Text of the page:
In New York, Bob Smith wears a glen-checked worsted suit ($160, Hickey-Freeman: F. R. Tripler) with a tab collar and a silk print tie.
In New Canaan, Dick Lawrence teams checked worsted suit ($135, Hilton: Larrimor's) with a yellow vest, knit tie, a brushed Tyrolean hat.
The popularity of classics
A classic is defined as apparel in such simple good taste and so becoming that it continues in style in spite of changing fashion. This year classics are the pace-setters, and some of them—photographed at the New Canaan, Conn. home of Eric Boissonas—are shown here. They are also classic in fabrics—ranging from bold plaids to nearly invisible checks.
A Chanel suit and silk shirt are modeled at right by Ginny Taylor (suit $125, blouse $45, Davidow: Lord & Taylor, John Wanamaker). In the background are Tan Arnold in sheath dress and jacket of giant hound's-tooth-check rayon and acetate ($36, Sportwhirl: Meier & Frank) and Pat Otis in a pleated-skirt suit of glen plaid with white cotton piqué pullover (ensemble $47, Mr. Gee: Best & Co., Lipman Wolfe).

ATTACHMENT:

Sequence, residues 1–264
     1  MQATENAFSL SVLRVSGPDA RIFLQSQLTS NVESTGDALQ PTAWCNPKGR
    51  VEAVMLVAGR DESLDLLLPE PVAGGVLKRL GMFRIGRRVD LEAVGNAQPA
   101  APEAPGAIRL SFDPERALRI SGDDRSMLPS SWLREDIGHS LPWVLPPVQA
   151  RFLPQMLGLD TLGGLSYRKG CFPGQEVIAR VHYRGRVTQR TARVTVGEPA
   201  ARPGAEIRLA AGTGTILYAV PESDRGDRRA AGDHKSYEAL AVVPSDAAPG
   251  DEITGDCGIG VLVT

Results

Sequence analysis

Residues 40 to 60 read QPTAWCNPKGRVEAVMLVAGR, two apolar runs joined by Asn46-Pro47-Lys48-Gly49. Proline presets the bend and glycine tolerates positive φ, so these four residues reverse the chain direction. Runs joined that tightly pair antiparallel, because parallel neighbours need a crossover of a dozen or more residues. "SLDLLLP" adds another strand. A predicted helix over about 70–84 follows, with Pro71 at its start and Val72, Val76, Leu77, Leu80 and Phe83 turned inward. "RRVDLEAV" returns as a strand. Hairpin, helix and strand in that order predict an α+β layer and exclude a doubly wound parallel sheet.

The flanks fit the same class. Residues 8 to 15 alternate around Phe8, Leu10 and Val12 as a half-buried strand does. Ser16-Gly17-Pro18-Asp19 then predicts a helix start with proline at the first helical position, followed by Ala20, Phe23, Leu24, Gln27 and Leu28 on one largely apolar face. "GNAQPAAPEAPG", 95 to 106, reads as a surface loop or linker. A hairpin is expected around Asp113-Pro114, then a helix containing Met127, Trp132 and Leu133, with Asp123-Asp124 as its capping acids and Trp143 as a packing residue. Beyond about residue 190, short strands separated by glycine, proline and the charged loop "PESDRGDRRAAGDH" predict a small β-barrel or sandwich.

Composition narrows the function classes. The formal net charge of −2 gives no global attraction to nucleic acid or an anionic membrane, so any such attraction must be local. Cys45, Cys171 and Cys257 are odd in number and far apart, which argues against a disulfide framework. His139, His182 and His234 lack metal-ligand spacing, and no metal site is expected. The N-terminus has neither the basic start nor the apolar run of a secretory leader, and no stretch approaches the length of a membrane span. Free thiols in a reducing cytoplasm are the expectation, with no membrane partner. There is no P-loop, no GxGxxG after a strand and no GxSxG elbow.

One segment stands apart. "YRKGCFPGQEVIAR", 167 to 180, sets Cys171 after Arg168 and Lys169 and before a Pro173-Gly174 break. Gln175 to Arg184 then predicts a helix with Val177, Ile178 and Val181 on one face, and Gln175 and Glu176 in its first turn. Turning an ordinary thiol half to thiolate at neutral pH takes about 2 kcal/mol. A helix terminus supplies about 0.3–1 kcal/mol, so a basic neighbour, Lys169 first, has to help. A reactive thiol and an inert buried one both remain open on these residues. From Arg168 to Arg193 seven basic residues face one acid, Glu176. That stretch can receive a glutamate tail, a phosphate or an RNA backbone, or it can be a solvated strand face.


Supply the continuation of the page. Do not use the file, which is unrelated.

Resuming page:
In a season of checks, one of the boldest of the districts (which look like plaids) is found in these worsted slacks ($22.50, Dunlee: Lew Ritter, Roger Gray Ltd.). Dick Lawrence wears them with red Merino wool polo shirt ($15, Bernhard Altmann: Best & Co.). Lefcourt shoes.
...and the shirtwaist dress
The dress which has followed the natural lines of the figure for 30 years is already proving to be everybody's dress for spring. The shirtwaist dress is shown by Miss Otis in check silk gingham ($55, McMullen: Lord & Taylor, I. Magnin, Marshall Field). Bob Smith wears a faded tartan wool sport jacket ($65, E. S. Deans: Trooping the Colour, Tweeds and Weeds).
The duality of rainwear
Of late, the designers of raincoats, taking advantage of the handsome water-repellent fabrics now at their disposal, have turned to making raincoats so handsome that they will be worn on the sunniest of spring days. Here are seven examples, representative of the varied look of rainwear available this spring. Note the capes, the rain suit and particularly the new short, flared cut—a look the women will borrow from the men to wear with tapered pants—whether it rains or whether it doesn't.
Capes, cut with the swagger of a bobby's or a gendarme's, turn up this spring. Lionel Wiggam's is of tan poplin, lined with black ($20, Golden Fleece: Witty Brothers, Bullock's Downtown). Ruth Ebling's reverses from blue to natural poplin ($25, Fulwiline: Lew Ritter). Thomas Begg grouse helmets.